Aleksey Shipilёv, JVM/Performance Geek, redhat logo
Shout out at Twitter: @shipilev
Questions, comments, suggestions: aleksey@shipilev.net

This post is also available in ePUB and mobi.

Thanks to Richard Startin, Roman Kennke, Cyrille Chépélov and others for reviews, edits and helpful suggestions!

Introduction

Building any part of language runtime is a fun exercise. At least, building the first and hacky version is! Building a reliable, high-performance, observable, debuggable, fail-predictably version of the runtime subsystem is really, really hard.

Building a simple garbage collector is deceptively easy, and this is what we shall do here. Roman Kennke did the FOSDEM 2019 talk and demo "Building the GC, in 20 minutes" using an earlier revision of this patch. While the code in the actual implementation is rich with in-place comments, some sort of over-arching narrative around it is in order, hence this post.

Basic understanding how garbage collectors work would improve the reading experience a lot. There is a bit of discussion here and there about general ideas and Hotspot specifics, but it is not really a place for a crash course in GC construction. Pick up the GC Handbook and read its first chapters on basic GCs, or get up to speed with Wikipedia article.

1. Building Blocks

Implementing a new GC when many other GCs are already implemented is much simpler, because there are a lot of existing building blocks that can be (re)used to offload parts of implementation to proven and tested code.

1.1. Epsilon GC

JEP 318: "Epsilon: A No-Op Garbage Collector (Experimental)" was introduced in OpenJDK 11. The goal for that implementation is to provide the minimal implementation that can be used when memory reclamation is not required or indeed is prohibited. Read the JEP for more discussion when it can be useful.

From the implementation perspective, "garbage collector" is a misnomer term, the proper term would be "automatic memory manager", which takes care of both allocation and reclamation of memory. As Epsilon GC implements only the "allocation" part, having no opinion how should the "reclamation" part look like, it is a good blank slate to implement the real GC algorithm on top of it.

1.1.1. Allocation

The most developed part of Epsilon GC is allocation path. It services the external requests to allocate memory of arbitrary size, or allocating the Thread-Local Allocation Buffer (TLAB) of given size. The implementation itself tries not to expand TLABs too much, because as there is no reclamation going on, bytes wasted are bytes never reclaimed.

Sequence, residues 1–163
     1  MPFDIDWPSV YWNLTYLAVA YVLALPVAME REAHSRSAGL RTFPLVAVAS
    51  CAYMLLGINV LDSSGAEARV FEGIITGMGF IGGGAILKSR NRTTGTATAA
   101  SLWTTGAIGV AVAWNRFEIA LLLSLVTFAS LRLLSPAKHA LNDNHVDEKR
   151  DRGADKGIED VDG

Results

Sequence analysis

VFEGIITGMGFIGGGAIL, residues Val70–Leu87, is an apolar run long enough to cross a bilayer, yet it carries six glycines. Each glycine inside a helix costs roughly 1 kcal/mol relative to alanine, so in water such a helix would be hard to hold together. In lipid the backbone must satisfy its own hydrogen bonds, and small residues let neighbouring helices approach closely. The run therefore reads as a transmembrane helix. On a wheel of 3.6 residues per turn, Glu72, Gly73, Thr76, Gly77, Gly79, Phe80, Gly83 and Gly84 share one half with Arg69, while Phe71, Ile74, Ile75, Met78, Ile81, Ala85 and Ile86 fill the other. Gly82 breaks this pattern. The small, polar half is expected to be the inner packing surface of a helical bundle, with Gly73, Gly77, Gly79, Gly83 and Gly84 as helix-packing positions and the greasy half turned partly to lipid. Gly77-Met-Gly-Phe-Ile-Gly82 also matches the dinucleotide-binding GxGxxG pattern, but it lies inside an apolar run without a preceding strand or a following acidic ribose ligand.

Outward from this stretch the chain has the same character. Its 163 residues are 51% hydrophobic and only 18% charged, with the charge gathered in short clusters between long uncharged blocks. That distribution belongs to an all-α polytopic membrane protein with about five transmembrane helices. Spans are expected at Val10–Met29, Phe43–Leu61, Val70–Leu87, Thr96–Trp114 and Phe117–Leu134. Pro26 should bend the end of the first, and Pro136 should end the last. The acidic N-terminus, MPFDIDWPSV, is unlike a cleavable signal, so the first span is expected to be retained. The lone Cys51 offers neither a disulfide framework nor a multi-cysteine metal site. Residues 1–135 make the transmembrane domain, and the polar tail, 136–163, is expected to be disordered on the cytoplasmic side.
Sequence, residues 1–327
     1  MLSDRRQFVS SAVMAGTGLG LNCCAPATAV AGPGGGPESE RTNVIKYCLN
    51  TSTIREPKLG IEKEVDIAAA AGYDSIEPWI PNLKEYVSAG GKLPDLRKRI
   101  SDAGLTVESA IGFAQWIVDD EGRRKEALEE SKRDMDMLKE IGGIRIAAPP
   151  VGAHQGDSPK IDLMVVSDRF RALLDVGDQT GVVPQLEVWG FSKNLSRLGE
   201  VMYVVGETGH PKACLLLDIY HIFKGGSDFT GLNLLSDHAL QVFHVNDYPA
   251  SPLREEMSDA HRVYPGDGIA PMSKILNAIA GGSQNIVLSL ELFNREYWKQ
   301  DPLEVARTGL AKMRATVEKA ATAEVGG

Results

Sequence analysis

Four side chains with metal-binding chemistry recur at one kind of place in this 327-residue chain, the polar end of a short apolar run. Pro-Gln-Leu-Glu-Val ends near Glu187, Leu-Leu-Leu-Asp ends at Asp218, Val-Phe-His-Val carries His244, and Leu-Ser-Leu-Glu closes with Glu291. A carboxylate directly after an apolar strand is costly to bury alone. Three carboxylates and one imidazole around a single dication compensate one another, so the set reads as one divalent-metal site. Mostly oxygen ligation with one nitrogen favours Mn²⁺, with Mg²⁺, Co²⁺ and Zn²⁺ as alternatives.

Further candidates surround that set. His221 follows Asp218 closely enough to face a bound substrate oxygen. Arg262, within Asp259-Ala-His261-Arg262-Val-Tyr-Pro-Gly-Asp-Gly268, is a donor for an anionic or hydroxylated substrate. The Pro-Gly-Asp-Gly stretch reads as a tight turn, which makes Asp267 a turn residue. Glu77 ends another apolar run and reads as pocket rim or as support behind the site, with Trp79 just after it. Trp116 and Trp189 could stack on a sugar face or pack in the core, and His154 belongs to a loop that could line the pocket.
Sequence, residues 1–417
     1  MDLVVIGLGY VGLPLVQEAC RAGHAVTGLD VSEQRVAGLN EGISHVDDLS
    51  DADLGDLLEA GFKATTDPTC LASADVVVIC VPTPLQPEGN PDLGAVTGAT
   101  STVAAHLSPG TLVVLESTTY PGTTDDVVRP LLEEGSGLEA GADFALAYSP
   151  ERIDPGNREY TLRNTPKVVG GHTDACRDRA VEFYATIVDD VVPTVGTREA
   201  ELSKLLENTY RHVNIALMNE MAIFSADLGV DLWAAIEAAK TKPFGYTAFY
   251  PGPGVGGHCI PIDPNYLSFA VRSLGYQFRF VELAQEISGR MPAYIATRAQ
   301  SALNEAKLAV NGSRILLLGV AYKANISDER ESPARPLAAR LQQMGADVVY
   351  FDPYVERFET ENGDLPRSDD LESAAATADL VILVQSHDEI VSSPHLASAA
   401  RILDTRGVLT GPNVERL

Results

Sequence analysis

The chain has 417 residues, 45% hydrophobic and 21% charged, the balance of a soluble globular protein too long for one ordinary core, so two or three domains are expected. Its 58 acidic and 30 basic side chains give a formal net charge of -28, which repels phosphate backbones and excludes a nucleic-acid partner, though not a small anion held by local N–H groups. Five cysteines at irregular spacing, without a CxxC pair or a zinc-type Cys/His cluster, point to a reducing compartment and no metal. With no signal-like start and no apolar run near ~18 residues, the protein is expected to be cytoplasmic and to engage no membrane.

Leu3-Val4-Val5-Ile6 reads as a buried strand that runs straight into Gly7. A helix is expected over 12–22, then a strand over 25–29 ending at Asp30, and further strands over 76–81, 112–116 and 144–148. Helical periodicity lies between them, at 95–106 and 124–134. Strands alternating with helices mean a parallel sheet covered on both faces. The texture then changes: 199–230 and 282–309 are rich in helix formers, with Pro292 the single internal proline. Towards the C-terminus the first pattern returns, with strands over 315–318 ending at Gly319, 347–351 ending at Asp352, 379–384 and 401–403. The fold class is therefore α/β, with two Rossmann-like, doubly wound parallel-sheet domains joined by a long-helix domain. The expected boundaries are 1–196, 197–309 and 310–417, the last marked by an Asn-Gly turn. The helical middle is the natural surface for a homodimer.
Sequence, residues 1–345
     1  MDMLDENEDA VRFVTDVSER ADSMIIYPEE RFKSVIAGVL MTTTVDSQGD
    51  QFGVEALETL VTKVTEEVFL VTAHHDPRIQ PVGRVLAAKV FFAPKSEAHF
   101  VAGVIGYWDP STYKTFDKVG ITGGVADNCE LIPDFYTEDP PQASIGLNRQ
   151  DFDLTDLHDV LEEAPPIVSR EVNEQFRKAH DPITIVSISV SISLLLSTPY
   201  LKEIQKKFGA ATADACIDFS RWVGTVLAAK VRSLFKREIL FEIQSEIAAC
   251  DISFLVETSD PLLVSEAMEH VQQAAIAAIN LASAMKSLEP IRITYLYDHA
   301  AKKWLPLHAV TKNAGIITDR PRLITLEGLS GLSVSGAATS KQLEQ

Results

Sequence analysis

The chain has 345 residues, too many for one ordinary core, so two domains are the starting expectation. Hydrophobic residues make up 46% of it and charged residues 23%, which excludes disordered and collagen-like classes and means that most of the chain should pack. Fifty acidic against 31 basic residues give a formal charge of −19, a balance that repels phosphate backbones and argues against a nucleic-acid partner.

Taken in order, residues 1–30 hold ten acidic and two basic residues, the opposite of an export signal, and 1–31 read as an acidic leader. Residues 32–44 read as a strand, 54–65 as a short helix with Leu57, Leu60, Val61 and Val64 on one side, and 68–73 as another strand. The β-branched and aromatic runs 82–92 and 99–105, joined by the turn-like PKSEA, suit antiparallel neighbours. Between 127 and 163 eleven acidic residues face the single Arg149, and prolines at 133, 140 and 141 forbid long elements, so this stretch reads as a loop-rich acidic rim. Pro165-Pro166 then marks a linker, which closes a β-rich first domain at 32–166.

1.1.2. Barriers

Some garbage collectors require interaction with the application to maintain GC invariants, by forcing runtime and application to perform GC barriers when accessing the heap. This is universally true for all concurrent collectors, and is true for many generational stop-the-world collectors.

Epsilon does not need barriers, but runtime and compilers still need to know that barriers are no-ops. Hooking that up everywhere can be tedious. Fortunately, since OpenJDK 11, there is JEP-304: "Garbage Collection Interface" that makes inserting barriers much, much, much cleaner. Notably, Epsilon’s barrier set is empty, delegating all trivial work — actual loads, stores, CASes, arraycopies — to the basic barrier set. If we are to build a GC that still doesn’t require barriers, we can simply reuse what Epsilon already has.

1.1.3. Monitoring Hooks

The last tedious part of implementing the GC is hooking it up to various monitoring facilities inside the JVM: MX beans have to work, diagnostic commands have to work, etc. Epsilon already handles this for us.

1.2. Runtime and GC

1.2.1. Roots

Garbage collectors generally need to know which parts of Java runtime hold references to Java heap. These locations, GC Roots, include thread stacks and local variables (including the ones in JIT-compiled code!), native classes and classloaders, JNI handles, etc. Knowing what the root set is can be daunting. But in Hotspot, those locations are tracked by each of the VM subsystems, and we can carefully study what existing GC implementations do with them. You would see that in the implementation section below.

1.2.2. Object Walkers

Garbage collectors also need to walk outbound references from Java objects. Since this is a ubiquitous operation, shared runtime parts already provide GCs with object walkers that GCs can use, obviating the need for us to implement it ourselves. You would see the calls to, for example, obj→oop_iterate in the implementation section below.

1.2.3. Forwarding Data

Moving garbage collectors need to record the new addresses for moved objects somewhere. There are several places where to store that forwarding data:

  1. Reuse the "mark word" in the object (Serial, Parallel, etc). When the world is stopped, all accesses to object words are controlled, and no Java thread would see whatever transient data we store in the mark word. We can reuse this word for storing forwarding data.